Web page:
Rich Homemade Chicken Stock

Rich Homemade Chicken Stock

1 Review
From: EatingWell Soups Special Issue April 2016

We love using convenient, store-bought chicken broth, but making your own is easier than you think and the full flavor is worth the effort. In this recipe, we use economical chicken leg quarters and simmer the stock long enough to develop an ultra-rich taste. Plus, there's no added sodium in the recipe—just salt to your personal preference. If you have two stockpots or large Dutch ovens, consider making two batches and freezing one—you'll be happy you did.

Ingredients 8 servings

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Original recipe yields 8 servings
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  • 4 pounds chicken leg quarters, cut in half
  • 1 small carrot, peeled and cut into 2-inch pieces
  • 1 small stalk celery, cut into 2-inch pieces
  • 1 small onion, root end trimmed, peeled and cut into eighths
  • 6 sprigs fresh parsley
  • 2 sprigs fresh thyme
  • 1 bay leaf
  • 1 clove garlic, crushed and peeled
  • 20 whole peppercorns
  • 20 cups water

Preparation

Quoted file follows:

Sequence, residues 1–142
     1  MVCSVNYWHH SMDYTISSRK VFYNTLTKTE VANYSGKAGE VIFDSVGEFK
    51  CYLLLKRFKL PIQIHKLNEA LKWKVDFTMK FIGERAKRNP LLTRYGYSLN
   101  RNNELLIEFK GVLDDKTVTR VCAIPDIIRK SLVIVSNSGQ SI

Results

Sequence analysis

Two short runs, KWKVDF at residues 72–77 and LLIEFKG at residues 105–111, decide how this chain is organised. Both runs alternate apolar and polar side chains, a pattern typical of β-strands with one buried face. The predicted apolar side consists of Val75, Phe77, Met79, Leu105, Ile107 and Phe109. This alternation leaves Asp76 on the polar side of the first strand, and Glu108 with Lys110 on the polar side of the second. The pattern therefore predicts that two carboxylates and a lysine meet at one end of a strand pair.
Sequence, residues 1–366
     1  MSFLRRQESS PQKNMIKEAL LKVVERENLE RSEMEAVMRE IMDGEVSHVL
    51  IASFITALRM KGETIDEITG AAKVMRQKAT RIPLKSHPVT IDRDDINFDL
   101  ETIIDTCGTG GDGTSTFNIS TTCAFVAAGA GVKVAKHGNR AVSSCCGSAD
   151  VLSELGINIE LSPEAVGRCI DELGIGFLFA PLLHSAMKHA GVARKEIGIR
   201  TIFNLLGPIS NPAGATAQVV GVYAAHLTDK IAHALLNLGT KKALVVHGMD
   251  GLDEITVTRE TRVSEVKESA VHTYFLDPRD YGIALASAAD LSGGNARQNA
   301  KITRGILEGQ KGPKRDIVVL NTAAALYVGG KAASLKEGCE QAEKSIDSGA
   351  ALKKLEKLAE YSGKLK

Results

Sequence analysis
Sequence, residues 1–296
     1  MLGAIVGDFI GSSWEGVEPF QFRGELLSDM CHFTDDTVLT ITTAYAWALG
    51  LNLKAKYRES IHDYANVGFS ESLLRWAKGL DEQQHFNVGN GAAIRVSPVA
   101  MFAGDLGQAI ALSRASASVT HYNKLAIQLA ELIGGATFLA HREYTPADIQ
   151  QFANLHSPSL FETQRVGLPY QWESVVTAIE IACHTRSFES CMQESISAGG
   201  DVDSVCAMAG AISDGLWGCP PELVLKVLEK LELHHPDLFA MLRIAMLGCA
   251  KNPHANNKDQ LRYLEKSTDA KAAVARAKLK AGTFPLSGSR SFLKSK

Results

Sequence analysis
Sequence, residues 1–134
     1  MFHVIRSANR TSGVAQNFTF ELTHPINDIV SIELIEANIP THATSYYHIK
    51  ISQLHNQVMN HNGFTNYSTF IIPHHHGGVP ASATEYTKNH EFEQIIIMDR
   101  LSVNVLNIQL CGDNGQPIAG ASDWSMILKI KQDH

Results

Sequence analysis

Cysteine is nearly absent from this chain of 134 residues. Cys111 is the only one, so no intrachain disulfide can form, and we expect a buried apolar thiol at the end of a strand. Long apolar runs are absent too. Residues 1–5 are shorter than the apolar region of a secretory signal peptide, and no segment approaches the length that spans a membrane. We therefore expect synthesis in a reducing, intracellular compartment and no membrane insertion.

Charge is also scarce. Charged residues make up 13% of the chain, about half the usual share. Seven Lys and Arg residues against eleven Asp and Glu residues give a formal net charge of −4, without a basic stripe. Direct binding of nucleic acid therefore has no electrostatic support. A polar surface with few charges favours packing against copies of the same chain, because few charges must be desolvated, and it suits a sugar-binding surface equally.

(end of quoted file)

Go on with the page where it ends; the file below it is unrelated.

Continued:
• Active

  • Ready In

  1. Place chicken, carrot, celery, onion, parsley, thyme, bay leaf, garlic and peppercorns in a stockpot or large Dutch oven (10-quart capacity). Add water. Bring to a boil over high heat, then reduce heat to maintain a simmer. Skim any foam and fat that rises to the surface. Simmer for 4 hours.
  2. Place a colander over a large bowl and strain the stock, pressing on the solids to release as much liquid as possible.
  3. If not using immediately, cool the stock quickly by placing the bowl into a larger bowl of ice water. Once at room temperature, remove from the ice water, cover loosely and refrigerate overnight.
  4. Use a spoon to remove the congealed fat from the surface of the chilled stock, then store in an airtight container (or containers).
  • Make Ahead Tip: Store in an airtight container in the refrigerator for up to 1 week or freeze for up to 3 months.
  • Nutrition Note: After straining and skimming, stock has negligible calories and nutrients.

Reviews 1

April 03, 2013
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By: EatingWell User
What about the sodium? Whether or not you strain the carrots and other food items out, you still have a sodium content from things such as carrots, and chicken... My tip, look into the sodium content of your food items you add before making this so you understand the sodium content you are really taking in. Pros: it looks like it makes a ton of stock and is reusable Cons: Sodium exists in so many items, this is misleading.